7. James in Silverdale, WA says:

    I think the courts will ultimately play a role at the state level. At some point, a person in WA or CO is going to sue an employer over a THC positive drug test, and the whole testing scheme will come under a microscope where it will be revealed too many blanket tests are issued, all in the name “liability defense,” over a substance that is not booze, not even aspirin, and the state’s voters have said “enough.”

    The lawsuits will be based first on medical weed prescriptions vs employer demands. When employer gets between person and doctor, employer will lose. The Jenga tower collapses thereafter.

    Further, the testers themselves are hold-overs from the Brainwashed Era as regards marijuana. They will parrot whatever they were taught.

    Only the courts will force those who currently benefit from the insane war on drugs to acknowledge we live in a different future now.

    Like or Dislike: Thumb up 2 Thumb down 0

  8. rudderpedals says:

    In that Florida’s a one party state (Tea) any meaningful change is going to come from the grassroots as a citizens initiative constitutional amendment that has to carry 60% to make it. I don’t see the Charlotte’s pot bill as meaningful; it’s a huge buzzkill actually. See http://www.tampabay.com/news/politics/stateroundup/charlottes-web-marijuana-strain-who-will-grow-dispense-it/2188402

    I agree with SD that one party rule is a problem given the party in control.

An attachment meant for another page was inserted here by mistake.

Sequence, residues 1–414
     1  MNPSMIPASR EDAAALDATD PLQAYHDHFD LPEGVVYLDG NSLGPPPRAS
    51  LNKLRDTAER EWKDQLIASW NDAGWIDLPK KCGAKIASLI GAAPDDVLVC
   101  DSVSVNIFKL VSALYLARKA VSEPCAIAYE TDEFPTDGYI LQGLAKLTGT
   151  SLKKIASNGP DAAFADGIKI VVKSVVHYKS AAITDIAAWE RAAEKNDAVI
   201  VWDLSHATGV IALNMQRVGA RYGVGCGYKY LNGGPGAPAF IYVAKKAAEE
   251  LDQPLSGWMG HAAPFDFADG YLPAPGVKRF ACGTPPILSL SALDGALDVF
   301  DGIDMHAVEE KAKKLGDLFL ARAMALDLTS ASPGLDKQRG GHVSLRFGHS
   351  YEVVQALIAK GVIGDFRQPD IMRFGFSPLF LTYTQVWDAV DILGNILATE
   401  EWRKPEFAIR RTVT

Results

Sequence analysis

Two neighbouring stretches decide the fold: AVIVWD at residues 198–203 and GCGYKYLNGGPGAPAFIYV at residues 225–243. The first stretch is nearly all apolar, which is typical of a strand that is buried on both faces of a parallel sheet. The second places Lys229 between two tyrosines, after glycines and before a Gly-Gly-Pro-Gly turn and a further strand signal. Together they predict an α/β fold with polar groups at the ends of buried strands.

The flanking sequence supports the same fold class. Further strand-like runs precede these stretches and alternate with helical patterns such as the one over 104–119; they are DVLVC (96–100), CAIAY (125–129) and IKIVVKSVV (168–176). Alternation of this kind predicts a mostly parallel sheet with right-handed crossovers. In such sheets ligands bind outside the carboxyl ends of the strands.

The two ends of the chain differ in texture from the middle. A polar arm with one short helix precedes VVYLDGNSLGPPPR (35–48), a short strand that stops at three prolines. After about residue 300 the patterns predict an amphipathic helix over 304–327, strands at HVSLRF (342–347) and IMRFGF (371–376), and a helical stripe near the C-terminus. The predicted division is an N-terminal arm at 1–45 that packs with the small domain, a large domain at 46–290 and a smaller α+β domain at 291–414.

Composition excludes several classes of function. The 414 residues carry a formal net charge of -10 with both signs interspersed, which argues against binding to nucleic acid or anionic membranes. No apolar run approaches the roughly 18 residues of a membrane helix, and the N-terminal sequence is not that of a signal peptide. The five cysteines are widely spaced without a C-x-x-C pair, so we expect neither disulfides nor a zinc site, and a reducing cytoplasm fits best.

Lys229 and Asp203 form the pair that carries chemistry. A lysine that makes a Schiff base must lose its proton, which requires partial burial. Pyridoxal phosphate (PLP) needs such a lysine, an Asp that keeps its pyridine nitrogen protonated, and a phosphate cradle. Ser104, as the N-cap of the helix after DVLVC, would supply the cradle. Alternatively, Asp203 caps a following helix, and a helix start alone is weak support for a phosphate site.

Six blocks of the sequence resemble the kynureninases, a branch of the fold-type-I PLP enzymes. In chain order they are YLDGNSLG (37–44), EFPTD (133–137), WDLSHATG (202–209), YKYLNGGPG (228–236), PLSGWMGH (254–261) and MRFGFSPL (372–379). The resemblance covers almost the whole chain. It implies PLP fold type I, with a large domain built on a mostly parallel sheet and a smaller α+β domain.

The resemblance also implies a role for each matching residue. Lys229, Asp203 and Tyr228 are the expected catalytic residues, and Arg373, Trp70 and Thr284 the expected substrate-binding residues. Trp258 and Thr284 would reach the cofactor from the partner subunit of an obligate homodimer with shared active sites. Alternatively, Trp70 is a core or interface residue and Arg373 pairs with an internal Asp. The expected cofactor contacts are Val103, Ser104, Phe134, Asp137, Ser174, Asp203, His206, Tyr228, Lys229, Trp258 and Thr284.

Like or Dislike: Thumb up 0 Thumb down 0

  9. James Pearce says:

    I think the courts will ultimately play a role at the state level. At some point, a person in WA or CO is going to sue an employer over a THC positive drug test, and the whole testing scheme will come under a microscope where it will be revealed too many blanket tests are issued, all in the name “liability defense,” over a substance that is not booze, not even aspirin, and the state’s voters have said “enough.”

    If so, I think the courts will ultimately find for the drug testing scheme. They give wide leeway to employers over things that could affect performance, like weed.

    That said, I think many employers, in a legal weed environment, will start to resist insurance company demands to test their employees as a cost-saving measure, and that in some industries, the insurance companies will relent.

    Some…but not all.

    I think best bet is to say if weed is legal, you still might lose your job over it (just as you would for booze). But at least you won’t go to jail, and that’s a good thing.